A federal jury sided with four companies that claimed Scientific Games had come after them with sham lawsuits that were initiated in an attempt to keep a rival’s automatic card shuffling device from hitting the market.
The jury originally awarded the companies a sum of $105 million after the verdict was announced but U.S. District Judge Matthew Kennelly tripled that amount.
The judge also ordered Scientific Games to pay for the plaintiff’s legal fees. Scientific Games has until September 5th to file any post-trial motions.
Shuffle Tech slapped Scientific Games with an anti-trust suit in 2014. This suit was filed in response to a patent-infringement lawsuit that was filed in 2012 by SHFL Entertainment which was later absorbed by Scientific Games. The 2012 lawsuit was filed against DigiDeal Corp, Aces Up Gaming and Poydras-Talrik Holdings who worked with Shuffle Tech to launch an automatic card shuffler. The jury’s verdict initially called for Scientific Games to pay $45 million to Shuffle Tech, $25 million to Poydras-Talrik Holdings, $15 to Aces Up and $20 million to DigiDeal but those numbers were tripled by Kennelly.
A spokesperson for Scientific Games said that the company thinks that the jury reached a wrong decision and the company will seek a review on both the finding of liability and the amount of the award. Despite the verdict which was announced in the middle of the day, Scientific Games finished the day up .14% on the Nasdaq. Stifel gaming analyst Brad Boyer doesn’t think that investors need to panic as it could years before any cash changes hands.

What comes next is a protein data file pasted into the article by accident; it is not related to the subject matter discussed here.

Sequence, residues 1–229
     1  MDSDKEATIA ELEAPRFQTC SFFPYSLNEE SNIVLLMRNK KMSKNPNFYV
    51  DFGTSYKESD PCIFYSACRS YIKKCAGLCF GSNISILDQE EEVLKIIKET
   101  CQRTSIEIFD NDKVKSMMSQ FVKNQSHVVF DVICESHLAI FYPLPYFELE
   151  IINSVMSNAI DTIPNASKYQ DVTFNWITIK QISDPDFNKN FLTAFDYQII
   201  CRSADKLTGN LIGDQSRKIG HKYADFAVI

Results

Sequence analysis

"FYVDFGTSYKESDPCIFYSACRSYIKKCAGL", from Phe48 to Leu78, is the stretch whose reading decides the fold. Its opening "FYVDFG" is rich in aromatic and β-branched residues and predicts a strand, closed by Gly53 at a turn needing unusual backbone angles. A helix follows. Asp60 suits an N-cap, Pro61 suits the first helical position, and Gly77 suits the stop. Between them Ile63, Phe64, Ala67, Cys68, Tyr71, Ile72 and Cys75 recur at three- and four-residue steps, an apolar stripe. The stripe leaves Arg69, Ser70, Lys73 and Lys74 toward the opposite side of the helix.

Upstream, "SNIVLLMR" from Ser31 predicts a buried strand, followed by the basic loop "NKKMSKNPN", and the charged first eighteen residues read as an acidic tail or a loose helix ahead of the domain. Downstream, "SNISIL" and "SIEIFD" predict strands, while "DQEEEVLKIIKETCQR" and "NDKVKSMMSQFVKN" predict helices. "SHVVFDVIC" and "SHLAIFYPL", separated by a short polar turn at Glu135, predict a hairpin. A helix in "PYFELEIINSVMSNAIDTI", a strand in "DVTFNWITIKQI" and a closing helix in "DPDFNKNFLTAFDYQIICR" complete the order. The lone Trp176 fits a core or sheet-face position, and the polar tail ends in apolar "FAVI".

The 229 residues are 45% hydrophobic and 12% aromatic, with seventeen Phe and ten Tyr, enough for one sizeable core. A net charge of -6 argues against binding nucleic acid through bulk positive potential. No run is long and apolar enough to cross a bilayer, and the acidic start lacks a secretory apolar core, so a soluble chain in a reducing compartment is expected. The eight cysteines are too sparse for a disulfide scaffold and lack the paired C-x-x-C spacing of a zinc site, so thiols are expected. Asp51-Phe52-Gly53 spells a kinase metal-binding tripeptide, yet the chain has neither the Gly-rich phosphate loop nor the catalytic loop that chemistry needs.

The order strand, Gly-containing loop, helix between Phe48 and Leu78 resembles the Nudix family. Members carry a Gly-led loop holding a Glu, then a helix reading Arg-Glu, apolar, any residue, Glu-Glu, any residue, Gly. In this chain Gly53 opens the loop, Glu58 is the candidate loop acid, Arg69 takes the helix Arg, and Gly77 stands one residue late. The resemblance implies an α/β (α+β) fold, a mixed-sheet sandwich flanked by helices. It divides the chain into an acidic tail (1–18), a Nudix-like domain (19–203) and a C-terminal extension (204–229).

Card Shuffling Machine
The card-shuffling machine that was the focus of this issue came about through collaboration between Shuffle Tech and DigiDeal who intended to market it to casinos. The device was introduced to the public at the Global Gaming Expo in Las Vegas. Shuffle Tech planned to produce 800 shufflers in the first year and 1,200 each year after that with a profit of around $7,500 on each unit.
Shuffle Tech’s attorney claimed that Shuffle Tech is a small company with the ability to create a great product but they didn’t have the resources to defend themselves against a sham lawsuit. He went on to say that Shuffle Tech’s intellectual property was sold to another gaming company and that Shuffle Tech now produces automatic card shufflers for regular consumers that can use them in home games. The attorney closed by saying that Shuffle Tech has essentially been forced out of the gaming industry by Scientific Games.